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UCLA Magazine Fall 2004
From Murphy Hall
The Next Wave
How “Human” Are We?
Fear Factor
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In Their Own Words
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Fall 2004
Fear Factor
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Photograph courtesy of UCLA Micro and Nano Manufacturing Laboratory

Molecular biology and the information sciences have developed a close partnership since the 1980s, the decade that began with the revolution in microelectronics and went on to spawn the Information Age and the Gene Age.

SUCH IMMEDIATE CHALLENGES, however, are not the source of our deep angst about biotechnology. Our real fears come from more distant possibilities that could be far more difficult and divisive. Three basic realms are apparent. The first is the reshaping of our biology. What if we could unravel the processes of aging and learn to retard, or even reverse, critical aspects of it? This is a key focus of regenerative medicine, and its success would affect virtually every aspect of human society. People often tell me they don’t think it’s a good idea to extend the human life span. Then they sometimes whisper, “but put me on the list.”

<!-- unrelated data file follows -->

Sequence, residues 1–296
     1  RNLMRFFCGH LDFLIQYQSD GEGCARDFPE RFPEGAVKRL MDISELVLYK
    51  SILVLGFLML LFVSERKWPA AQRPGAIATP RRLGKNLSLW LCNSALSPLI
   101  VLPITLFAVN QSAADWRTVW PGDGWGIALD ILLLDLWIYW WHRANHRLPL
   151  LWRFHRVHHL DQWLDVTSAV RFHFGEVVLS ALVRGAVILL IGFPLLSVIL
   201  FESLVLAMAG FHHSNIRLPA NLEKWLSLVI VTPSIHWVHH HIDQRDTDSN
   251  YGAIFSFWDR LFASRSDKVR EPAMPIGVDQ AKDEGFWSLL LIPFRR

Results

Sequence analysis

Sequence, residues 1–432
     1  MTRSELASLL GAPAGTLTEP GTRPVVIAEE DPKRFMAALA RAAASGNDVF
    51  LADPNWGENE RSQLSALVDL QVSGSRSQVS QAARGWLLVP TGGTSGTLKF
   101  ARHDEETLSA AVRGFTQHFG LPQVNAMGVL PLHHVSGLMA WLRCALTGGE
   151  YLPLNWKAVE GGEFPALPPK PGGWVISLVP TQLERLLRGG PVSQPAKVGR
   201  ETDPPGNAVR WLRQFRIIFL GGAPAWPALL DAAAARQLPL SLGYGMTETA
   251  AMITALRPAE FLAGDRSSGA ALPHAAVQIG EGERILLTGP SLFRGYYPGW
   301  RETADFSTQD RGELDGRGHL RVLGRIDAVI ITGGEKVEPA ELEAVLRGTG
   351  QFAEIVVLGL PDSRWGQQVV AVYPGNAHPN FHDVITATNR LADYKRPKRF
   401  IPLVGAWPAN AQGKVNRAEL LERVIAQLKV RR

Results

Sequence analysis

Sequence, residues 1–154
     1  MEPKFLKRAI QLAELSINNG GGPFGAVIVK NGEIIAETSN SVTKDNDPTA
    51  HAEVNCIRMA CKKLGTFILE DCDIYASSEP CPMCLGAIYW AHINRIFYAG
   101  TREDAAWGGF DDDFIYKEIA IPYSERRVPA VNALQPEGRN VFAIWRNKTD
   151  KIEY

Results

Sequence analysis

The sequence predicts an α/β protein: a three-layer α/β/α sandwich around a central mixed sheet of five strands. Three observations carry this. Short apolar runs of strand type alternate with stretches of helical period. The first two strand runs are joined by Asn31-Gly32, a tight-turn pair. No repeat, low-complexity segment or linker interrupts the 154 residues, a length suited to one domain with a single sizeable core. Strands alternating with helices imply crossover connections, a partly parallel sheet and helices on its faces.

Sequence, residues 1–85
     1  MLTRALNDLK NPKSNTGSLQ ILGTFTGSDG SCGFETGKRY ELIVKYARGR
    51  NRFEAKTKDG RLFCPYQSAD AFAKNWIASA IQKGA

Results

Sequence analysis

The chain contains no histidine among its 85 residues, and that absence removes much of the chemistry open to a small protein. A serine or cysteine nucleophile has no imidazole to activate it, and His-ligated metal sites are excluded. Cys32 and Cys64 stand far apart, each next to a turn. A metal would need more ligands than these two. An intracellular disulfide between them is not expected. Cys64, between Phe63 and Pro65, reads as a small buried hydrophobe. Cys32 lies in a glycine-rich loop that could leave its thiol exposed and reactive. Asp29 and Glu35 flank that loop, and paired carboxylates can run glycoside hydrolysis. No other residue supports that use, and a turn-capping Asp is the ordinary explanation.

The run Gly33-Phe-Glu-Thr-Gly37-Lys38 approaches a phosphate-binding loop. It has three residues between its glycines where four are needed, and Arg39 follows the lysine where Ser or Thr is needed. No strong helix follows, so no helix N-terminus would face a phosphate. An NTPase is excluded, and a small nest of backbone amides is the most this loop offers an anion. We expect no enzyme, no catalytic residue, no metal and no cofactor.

A second thorny area is our mounting reliance on pharmacology not just to heal ourselves but to manage our emotional states. Such “cosmetic psychopharmacology” will be increasingly challenging in coming decades. Ritalin, Viagra, Prozac and other such drugs are only clumsy baby steps. The potential is now emerging to short-circuit the emotional programs that have arisen in our evolutionary history to direct our behavior so as to further survival and reproduction. The depth of the challenge is illustrated by the rising problem of obesity. Humans were simply not made to live in a pastry shop. If someday we can take a pharmaceutical cocktail to make us feel happy and fulfilled, will we say no? Should we?

Another area where biotechnology challenges us is reproduction. Setting aside the familiar low-tech methods of mate selection, we can anticipate the arrival of three high-tech procedures to let us consciously choose our children’s genes. The first is reproductive cloning. Media obsession with this is due more to the symbolism of such an alteration of human reproduction than to any plausible consequences of the occurrence. After all, here is a technology that does not yet exist for humans, and yet enormous global attention has greeted the flimsiest of claims about the procedure. Even more importantly, fear that someone, somewhere, might clone a child has generated serious attempts to criminalize basic biomedical research in regenerative medicine, endangering the hopes of real people with real diseases and real suffering.

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